9. Courtesy – Courtesy rules establish the proper etiquette for players on the course and violations of courtesy rules can result in penalties; the following are the basic rules of courtesy.
    • Players should not throw until they are certain the thrown disc will not distract another player or injure anyone present.
    • Players should take care to not distract other players while it is their turn.
    • Littering on the course is discouraged and considered a courtesy violation
    • Players are expected to watch where other players’ discs go and search for discs in the event they are lost.

The history of disc golf is closely tied to the history of the recreational flying disc (especially as popularized by the trademarked Frisbee). The first known instance of anyone playing golf with a flying disc occurred in Bladworth, Saskatchewan, Canada in 1926. Ronald Gibson and a group of his Bladworth Elementary School buddies played a game throwing tin plates at targets such as trees and fence posts. They called the game Tin Lid Golf and played on a fairly regular basis on a disc golf course they laid out on their school grounds. But, after they grew older and went their separate ways, the game came to an end. It wasn’t until the 1970s that disc golf would be reintroduced to Canadians at the Canadian Open Frisbee Championships in Toronto.

Modern disc golf started in the early 1960s, when it seems to have been invented in many places and by many people independently. Students at Rice University in Houston, Texas, for example, held tournaments with trees as targets as early as 1964, and in the early 1960s, players in Pendleton King Park in Augusta, Georgia would toss Frisbees in 50-gallon barrel trash cans designated as targets.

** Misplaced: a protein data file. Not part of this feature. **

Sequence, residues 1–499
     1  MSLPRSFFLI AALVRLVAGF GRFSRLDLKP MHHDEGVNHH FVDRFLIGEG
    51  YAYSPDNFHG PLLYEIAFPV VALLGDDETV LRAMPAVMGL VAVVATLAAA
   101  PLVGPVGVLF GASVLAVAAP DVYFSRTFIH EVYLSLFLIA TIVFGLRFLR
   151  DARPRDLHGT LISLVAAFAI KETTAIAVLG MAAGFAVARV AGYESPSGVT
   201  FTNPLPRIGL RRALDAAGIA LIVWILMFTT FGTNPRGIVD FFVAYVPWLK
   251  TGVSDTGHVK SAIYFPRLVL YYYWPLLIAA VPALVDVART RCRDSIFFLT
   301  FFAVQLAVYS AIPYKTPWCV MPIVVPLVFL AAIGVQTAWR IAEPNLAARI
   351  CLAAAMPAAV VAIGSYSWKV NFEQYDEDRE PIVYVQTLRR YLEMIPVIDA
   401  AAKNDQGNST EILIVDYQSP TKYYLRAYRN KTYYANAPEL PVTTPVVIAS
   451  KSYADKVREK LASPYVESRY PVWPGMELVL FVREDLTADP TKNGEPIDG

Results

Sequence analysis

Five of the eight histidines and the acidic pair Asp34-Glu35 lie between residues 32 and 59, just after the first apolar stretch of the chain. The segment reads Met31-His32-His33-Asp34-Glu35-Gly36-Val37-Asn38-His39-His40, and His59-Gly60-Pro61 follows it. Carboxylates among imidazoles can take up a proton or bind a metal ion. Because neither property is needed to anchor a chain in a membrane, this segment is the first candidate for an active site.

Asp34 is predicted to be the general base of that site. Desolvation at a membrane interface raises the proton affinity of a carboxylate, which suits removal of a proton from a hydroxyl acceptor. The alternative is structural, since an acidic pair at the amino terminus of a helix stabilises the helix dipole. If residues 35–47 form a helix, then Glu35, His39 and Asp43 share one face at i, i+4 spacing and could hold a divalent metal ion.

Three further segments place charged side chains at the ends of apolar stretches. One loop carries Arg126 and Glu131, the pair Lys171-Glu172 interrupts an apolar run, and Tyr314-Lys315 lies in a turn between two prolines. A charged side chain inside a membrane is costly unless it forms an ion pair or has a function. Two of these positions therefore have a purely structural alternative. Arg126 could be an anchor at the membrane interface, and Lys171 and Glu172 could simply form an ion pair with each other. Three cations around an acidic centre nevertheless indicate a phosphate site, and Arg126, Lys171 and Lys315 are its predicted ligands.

A true pioneer of the sport of Frisbee Golf is Kevin Donnelly, who, until 2011, was unknown for his accomplishment. Kevin began playing a form of Frisbee golf in 1959 called Street Frisbee Golf. In 1961, while a Recreation Leader and then Recreation Supervisor for the City of Newport Beach, California, he formulated and then began organizing Frisbee golf tournaments at nine of the city’s playgrounds he supervised. This culminated in 1965 with a fully documented, Wham-O sponsored, city-wide Frisbee Golf tournament. This highly publicized tournament included hula hoops as holes, with published rules, hole lengths, pars, and penalties, Wham-O prizes and, an event in which Fred Morrison, the Frisbee inventor, was in attendance.In 1967, two years after conducting the first-ever organized Frisbee Golf Tournament, Kevin, then the Coordinator of the Parks and Recreation Section at Fresno State College, California, organized and then taught the first ever college level Frisbee Golf activity course, in which George Sappenfield was registered.

Two of the best-known figures in the sport are “Steady Ed” Headrick, who introduced the first formal disc golf target with chains and a basket, and Dave Dunipace who invented the modern golf disc in 1983, with his revolutionary change to add a beveled edge rim, this gave the disc a greater distance and accuracy. Dave was one of the founders of Innova, a well-known disc manufacturer. In 1976, Headrick formed the DGA, then later the PDGA and the RDGA. Ted Smethers took over the PDGA in 1982 to be run independently and to officiate the standard rules of play for the sport. The sport has grown at a rate of 12-15 percent annually for more than the past decade, with nearly 4000 courses in the US and about 5000 globally.

The game is now played in more than 40 countries worldwide, primarily in the United States, Canada, Central and Western Europe, Japan, South Korea, New Zealand and Australia.

camp events

Make sure to check back often for upcoming events at camp.

entrance to offece-1

Opening Day

April 15

Disk Golf Tournament

TBD (Check back soon)

Christmas In July

July 3rd to July 23rd
Decorate your Site and/or RV for Christmas and compete for a Grand Prize with other Campers. Shop Christmas in July and get a feeling for what Christmas in December will be at Gift Store!
Santa will be visiting to judge the RV’s and Sites and will let us know who wins the Christmas in July 2022 Contest!

convenient & low cost storage

Store your RV, boat, trailers, or OHV’s in our safe outdoor storage area, and your camping gear or other stuff in our secure container storage. We offer storage options at a low-cost and all conveniently located on the campground.